My third favorite CEO was the founder of Wal-Mart Stores (WMT), Sam Walton. Starting the company in 1962, he revolutionized retail in America. His company managed to beat out larger rivals at their own game, through constant focus on cost containment and trying to become the lowest cost provider in the industry.  By keeping costs low, the company is appealing to customers to the tune of 100 million visits every single week. This repeat business translates into dividend growth for more than 35 years, The company focuses on turnover,  and usually sells most of the merchandise it ordered by the time it has to pay suppliers. Sam Walton thought like an owner however, as he not only expanded at a furious pace, but he also paid an ever increasing dividend only a few years after taking the company public. Check my analysis of Wal-Mart Stores.

To summarize, I have learned that there is often a strong link between having a strong visionary leader at a company, who is also a majority shareholder. This leader usually sees this business as their legacy, and they are very passionate about growing and preserving that legacy. This aligns their goals with the goals of ordinary shareholders to a certain extent. In the cases of the visionary founders listed in this article, shareholders benefited handsomely by the arrangement. By identifying someone who is passionate about their work, and has a majority ownership interest in that enterprise, investors would be wise to buy that stock.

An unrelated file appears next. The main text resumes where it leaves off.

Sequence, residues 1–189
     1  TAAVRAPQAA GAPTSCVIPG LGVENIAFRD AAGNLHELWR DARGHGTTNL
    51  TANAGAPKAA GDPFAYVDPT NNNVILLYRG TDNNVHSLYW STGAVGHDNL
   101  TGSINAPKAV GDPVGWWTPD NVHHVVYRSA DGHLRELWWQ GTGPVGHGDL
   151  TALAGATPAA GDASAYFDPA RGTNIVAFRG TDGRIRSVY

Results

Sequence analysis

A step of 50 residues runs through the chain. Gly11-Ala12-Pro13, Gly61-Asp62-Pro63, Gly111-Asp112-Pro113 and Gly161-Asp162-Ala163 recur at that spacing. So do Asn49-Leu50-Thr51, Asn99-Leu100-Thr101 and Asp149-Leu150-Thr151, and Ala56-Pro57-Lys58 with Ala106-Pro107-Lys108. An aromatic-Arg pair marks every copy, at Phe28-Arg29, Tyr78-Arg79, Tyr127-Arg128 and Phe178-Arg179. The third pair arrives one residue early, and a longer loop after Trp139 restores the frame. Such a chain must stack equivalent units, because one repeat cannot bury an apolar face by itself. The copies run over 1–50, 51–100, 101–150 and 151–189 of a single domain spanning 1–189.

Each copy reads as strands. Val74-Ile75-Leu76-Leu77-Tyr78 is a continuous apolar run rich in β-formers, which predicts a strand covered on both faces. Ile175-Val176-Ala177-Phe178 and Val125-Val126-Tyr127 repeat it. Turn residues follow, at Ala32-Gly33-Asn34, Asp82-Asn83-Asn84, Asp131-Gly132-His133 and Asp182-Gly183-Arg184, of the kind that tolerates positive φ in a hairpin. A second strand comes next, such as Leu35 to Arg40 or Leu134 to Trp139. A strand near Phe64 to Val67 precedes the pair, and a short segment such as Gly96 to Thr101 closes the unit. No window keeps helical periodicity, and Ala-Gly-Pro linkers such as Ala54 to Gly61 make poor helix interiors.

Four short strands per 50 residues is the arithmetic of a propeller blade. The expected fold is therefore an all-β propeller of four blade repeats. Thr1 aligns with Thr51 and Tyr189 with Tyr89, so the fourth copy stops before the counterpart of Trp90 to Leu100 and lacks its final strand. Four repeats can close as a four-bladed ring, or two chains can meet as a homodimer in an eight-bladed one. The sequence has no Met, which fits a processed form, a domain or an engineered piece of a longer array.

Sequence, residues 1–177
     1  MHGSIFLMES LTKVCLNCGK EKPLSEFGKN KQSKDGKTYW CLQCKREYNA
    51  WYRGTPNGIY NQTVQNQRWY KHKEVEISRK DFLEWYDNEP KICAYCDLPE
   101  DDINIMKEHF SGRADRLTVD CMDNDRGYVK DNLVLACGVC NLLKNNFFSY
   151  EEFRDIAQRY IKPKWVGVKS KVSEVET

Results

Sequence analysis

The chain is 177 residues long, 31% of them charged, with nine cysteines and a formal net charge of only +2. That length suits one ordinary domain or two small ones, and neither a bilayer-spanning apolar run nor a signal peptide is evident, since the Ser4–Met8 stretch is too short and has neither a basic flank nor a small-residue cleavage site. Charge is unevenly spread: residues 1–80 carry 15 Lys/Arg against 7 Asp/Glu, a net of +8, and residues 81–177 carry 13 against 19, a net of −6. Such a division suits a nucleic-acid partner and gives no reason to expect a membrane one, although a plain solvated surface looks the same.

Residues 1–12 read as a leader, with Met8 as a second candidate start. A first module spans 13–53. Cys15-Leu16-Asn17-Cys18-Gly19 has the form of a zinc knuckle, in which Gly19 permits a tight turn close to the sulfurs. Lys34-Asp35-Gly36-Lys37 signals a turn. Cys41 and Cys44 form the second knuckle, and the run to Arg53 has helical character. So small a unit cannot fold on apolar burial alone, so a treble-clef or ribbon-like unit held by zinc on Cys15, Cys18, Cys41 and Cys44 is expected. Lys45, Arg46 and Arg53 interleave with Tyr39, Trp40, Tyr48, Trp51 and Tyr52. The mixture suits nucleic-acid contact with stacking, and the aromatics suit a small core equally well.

Full Disclosure: Long KMI, CVX, WMT

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Wednesday, July 10, 2013

Business Relationships Can Deliver Solid Dividends to Shareholders

We live in a service- oriented economy. As a result, a large portion of the economic output is based upon purchases of services, rather than the purchases of pre-fabricated tangible products. Using an example from everyday life, a haircut is a service. Many people living in small communities across the United States go to a barber shop or a hair salon every few weeks or so. After a few months of trial and error, consumers generally tend to find a place to have their hair cut and stick with it. The service provider lures in the customer with quality of service, and builds a long-term relationship of repeat purchases that might last for years if not decades. So why should dividend investors care about haircuts and services?